Today’s post is the 2nd in an Expat Link-up series by Molly over at The Move to America. The topic today is ‘The Reason I Left’ – share why you became an expat. What made you choose a particular place or the traveling lifestyle? Has it been what you expected? What did you consider/wish you had considered before you moved? End with three tips that may help people figure out if a big move is for them.
If you’ve read any of my posts from the Expat Blog Challenge led by Cristin at In an Opal Hearted Country you know why I left. If you haven’t read those other posts, well, you should. But if you don’t have the time, here’s a brief recap.
I left because:
1. Kimi made me.
2. I couldn’t say no.
3. I really, really had to.
Since I feel like I’ve covered the why a few times, let’s talk about the since it happened. Was it what I expected? No. I had no idea what to expect. I didn’t know the international teaching world existed. Like a lot of people, I thought ‘teaching overseas’ meant teaching English in China (which I almost, almost did once). That’s all. I had no idea that there was a network of international schools covering this great planet. I couldn’t fathom that Americans, Canadians, Australians, South Africans, Kiwis, Chinese, Japanese, Mexicans and more could gather at one school to teach. And it was impossible to believe that all these people were connected before they met, just because of what they do.
I was also shocked to say the least at the behavior of my fellow teachers. When I first left home, I went to the DR, along with a whole pack of young, single, rather attractive men and women. Who liked to surf. And party. I will leave it up to your imagination what shenanigans they got up to, but I will say that it changed my views on how my high school history teacher might have been spending his weekends.
Why did I choose to live where I’m living? The thing about this lifestyle is that, at least for the Rugby Star and me, we don’t have a lot of choice in where we go next. Being a specialist couple, we’re not really top of the list for schools so when we recruit, we might have a pick of three places, tops. And usually only one of those is really desirable… sometimes, not even that (how I ended up in Shanghai). Once, we literally had nothing. We went to a job fair, had one interview, and didn’t get the job. We flew back to China with nothing. Nothing.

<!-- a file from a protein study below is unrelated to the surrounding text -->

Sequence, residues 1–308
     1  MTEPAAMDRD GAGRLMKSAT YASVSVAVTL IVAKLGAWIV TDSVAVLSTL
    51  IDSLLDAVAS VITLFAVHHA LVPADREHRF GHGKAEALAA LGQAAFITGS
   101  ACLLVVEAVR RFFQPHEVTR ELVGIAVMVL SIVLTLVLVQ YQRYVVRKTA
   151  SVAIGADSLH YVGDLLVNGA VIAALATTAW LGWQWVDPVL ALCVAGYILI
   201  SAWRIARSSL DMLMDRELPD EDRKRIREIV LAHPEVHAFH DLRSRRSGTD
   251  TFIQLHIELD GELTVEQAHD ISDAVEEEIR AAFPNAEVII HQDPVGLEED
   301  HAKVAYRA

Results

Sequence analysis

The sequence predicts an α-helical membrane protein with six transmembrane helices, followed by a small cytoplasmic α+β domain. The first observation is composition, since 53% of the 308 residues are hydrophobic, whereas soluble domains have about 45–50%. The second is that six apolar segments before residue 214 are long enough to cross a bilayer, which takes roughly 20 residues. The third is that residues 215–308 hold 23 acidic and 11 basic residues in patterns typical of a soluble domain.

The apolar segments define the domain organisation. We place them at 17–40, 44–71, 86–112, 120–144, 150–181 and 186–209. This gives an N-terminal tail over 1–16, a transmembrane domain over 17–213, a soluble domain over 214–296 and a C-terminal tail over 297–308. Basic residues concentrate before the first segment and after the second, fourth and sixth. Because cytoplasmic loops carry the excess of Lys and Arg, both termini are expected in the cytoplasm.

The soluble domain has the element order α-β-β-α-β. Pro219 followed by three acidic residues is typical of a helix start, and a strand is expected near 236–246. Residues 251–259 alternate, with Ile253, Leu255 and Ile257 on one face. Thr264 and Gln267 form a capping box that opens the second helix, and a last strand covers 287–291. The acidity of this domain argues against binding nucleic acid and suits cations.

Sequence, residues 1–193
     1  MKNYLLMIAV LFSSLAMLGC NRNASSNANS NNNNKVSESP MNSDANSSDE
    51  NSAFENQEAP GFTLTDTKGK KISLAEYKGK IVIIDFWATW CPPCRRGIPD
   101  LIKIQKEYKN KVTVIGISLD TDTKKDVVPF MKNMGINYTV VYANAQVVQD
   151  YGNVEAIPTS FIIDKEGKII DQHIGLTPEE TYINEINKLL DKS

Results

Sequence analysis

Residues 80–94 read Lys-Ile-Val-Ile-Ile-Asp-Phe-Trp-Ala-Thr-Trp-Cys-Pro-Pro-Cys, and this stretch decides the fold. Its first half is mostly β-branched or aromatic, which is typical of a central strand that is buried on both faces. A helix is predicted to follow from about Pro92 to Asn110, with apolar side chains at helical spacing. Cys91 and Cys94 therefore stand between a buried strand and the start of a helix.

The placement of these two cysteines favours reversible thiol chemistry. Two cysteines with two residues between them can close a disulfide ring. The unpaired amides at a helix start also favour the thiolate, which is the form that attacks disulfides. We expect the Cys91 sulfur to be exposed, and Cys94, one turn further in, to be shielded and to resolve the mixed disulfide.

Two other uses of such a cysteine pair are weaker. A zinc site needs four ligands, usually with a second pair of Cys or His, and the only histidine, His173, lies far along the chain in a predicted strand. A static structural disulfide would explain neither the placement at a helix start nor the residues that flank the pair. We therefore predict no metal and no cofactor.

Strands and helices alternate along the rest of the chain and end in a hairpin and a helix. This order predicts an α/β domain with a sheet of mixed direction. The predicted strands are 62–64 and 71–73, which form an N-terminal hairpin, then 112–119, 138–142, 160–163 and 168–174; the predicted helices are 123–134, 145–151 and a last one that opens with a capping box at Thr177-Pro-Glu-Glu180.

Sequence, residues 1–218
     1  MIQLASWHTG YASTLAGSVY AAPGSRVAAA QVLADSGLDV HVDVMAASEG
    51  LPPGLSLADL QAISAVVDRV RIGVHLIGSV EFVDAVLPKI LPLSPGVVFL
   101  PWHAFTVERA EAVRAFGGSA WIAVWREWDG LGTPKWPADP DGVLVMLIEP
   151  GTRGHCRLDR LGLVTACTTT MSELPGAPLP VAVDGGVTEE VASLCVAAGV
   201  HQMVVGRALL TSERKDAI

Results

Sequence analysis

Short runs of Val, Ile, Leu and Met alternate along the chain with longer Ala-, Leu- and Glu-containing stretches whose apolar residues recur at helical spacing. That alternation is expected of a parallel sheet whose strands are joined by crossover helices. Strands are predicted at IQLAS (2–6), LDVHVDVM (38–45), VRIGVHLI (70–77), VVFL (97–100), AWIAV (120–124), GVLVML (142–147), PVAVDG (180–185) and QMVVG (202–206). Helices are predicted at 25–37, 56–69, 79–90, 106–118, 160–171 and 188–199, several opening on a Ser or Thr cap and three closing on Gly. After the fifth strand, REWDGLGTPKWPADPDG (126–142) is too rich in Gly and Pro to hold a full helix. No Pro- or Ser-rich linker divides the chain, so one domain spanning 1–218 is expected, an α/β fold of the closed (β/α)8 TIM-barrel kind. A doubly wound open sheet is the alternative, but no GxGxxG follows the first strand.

Thank the Lord for Facebook.
What did consider or wish I had considered before I left… nothing really. I think that if I had thought about it too much more, I might’ve found a way to chicken out. This lifestyle has revealed so much to me, about myself and the world. I would have been an idiot to miss out.
Three Tips- Is Moving Overseas for You?
1. Consider your relationship with your family. My family often makes me feel guilty for not being home, but I know that deep down, they’re proud of me for what I’m doing and who I’ve become. Talk to your family- moms and dads, grandparents, siblings- before making a big decision like this. Help them to understand why you’re doing it and what you want out of making a big move like this. You don’t need their permission, but the support is a big plus.
2. Consider why you want to move overseas. Are you looking for an adventure for a few years? Are you hoping to make a career in another country? Are you escaping the law? Why exactly are you leaving and what do you hope to accomplish? Know this before you leave. It may help you decide where to go.
3. Consider how brave you are. If you want an adventure but you’re shy or intimidated by new places and faces, consider moving somewhere that will not present you too many challenges to start. Perhaps a country where your native language is primarily spoken or at least spoken. Perhaps a city you’ve visited before or a place where you might have extended family or friends nearby. Culture shock is a real thing and if you aren’t big on big change, start little. If you’re up for anything, heck, pack a bag and move to the Amazon. Just consider how much change you can handle at one time.